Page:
“The value chain and the supply chain are in place … to people and consumers around the world,” he said.
UW–Madison emeritus Prof. Charles Irish said annual trade between China and U.S., which totaled $29 billion six years ago, has dropped to less than $10 billion, due in part to the Trump administration’s so-called trade war, but for other reasons as well, including the African swine flu that has dampened demand for pork in China and the Asian economic slowdown.
“The Chinese don’t trust what the Chinese government says,” he said. “Trump is holding a card in the form of 15-percent tariffs on an additional $156 billion in Chinese imports, and the date is Dec. 15. The Chinese are saying we’ve got a way to go before making really significant additional purchases in ag.”
Other countries are taking up the trade slack with China, including Brazil, Irish said.
An issue between the U.S. and China that goes beyond ag is protection of intellectual property, or lack thereof, in China, not because of a lack of laws, but because of a lack of enforcement.
Irish predicted China would stiffen intellectual property protection “when China realizes it’s in their economic self-interest to make protections of intellectual property.”
On the other hand, Irish sees growing opportunities elsewhere in Asia, including Japan and South Korea, as well as Southeast Asia, including Vietnam.
He said those countries are “a place of significant growing affluence, so it probably is worth your while to pay attention.”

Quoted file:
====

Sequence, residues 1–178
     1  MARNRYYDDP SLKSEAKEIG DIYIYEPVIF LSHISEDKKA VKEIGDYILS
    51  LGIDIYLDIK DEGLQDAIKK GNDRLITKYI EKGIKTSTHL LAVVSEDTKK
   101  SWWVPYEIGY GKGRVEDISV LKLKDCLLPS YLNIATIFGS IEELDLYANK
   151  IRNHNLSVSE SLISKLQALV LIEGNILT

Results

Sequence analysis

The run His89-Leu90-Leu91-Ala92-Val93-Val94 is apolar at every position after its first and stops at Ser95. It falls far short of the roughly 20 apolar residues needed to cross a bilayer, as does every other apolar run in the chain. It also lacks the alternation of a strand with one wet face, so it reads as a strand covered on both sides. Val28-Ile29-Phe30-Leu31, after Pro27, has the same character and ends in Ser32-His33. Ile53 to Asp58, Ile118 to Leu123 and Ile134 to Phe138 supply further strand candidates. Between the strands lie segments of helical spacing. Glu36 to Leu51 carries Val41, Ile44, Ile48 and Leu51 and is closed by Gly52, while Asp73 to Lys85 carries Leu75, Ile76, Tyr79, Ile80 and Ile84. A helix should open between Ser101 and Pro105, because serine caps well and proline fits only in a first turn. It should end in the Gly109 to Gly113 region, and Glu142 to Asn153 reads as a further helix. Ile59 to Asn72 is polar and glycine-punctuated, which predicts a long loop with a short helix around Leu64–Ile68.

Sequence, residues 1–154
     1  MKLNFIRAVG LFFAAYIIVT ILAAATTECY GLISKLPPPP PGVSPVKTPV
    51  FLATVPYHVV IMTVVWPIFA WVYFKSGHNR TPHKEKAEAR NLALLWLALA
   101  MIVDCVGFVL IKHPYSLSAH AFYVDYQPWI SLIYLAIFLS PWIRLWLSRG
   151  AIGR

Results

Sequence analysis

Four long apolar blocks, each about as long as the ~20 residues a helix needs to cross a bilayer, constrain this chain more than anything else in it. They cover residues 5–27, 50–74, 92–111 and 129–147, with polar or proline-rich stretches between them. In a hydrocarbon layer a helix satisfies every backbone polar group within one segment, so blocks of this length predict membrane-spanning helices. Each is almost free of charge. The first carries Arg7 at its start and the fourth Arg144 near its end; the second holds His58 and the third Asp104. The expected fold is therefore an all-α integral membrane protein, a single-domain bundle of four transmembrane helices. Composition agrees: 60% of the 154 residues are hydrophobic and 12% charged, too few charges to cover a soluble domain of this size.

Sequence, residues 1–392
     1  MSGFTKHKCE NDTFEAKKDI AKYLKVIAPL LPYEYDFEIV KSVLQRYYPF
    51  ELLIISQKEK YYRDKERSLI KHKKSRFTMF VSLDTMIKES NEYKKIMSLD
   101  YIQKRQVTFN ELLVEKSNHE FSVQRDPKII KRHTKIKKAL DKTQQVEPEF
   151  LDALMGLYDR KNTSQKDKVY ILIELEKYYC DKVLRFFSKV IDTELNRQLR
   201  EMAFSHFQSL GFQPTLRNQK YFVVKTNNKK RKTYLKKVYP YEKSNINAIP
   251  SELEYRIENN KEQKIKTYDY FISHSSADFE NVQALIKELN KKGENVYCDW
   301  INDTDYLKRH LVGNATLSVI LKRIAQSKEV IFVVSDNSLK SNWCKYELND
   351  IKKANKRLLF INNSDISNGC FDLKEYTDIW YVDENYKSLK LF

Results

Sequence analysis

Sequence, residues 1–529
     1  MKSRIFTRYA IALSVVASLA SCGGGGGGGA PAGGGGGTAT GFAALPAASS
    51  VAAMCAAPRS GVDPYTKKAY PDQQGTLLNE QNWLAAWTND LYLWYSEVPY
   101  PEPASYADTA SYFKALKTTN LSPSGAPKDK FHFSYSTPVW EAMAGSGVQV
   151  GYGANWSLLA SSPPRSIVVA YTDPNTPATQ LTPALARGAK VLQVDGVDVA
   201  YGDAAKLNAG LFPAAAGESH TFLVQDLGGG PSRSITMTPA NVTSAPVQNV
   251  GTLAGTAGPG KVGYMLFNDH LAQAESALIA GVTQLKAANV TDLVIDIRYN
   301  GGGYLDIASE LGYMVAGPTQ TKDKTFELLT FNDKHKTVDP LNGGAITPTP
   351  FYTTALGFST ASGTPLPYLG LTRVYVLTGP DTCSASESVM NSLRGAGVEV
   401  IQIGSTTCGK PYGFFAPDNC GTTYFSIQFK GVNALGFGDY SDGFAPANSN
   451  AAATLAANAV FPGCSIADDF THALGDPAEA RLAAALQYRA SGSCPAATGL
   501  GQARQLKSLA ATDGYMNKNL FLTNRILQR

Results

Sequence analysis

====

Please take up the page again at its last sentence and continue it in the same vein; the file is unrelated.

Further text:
The trade war between the U.S. and China is actually not a recent development.
“This is something that is 150 years in the making, and China is going to become preeminent in the world” according to mainstream Chinese opinion, he said. “The issues that Trump is arguing about, they’re been a problem for quite some time.
“The stakes are so high on both sides, they will declare victory and they will walk away without much changing.”
Even though exports are a major part of Wisconsin ag, most Wisconsin farmers and ag businesses don’t export what they produce, according to Mitchell, or even how many farm products “don’t go to other states. Their commodities are touched by a lot of people in this state.”
Farmers’ problems are more based on how wet Wisconsin now is, with crop harvesting about two weeks behind, he said: “Can you get it out” of the fields.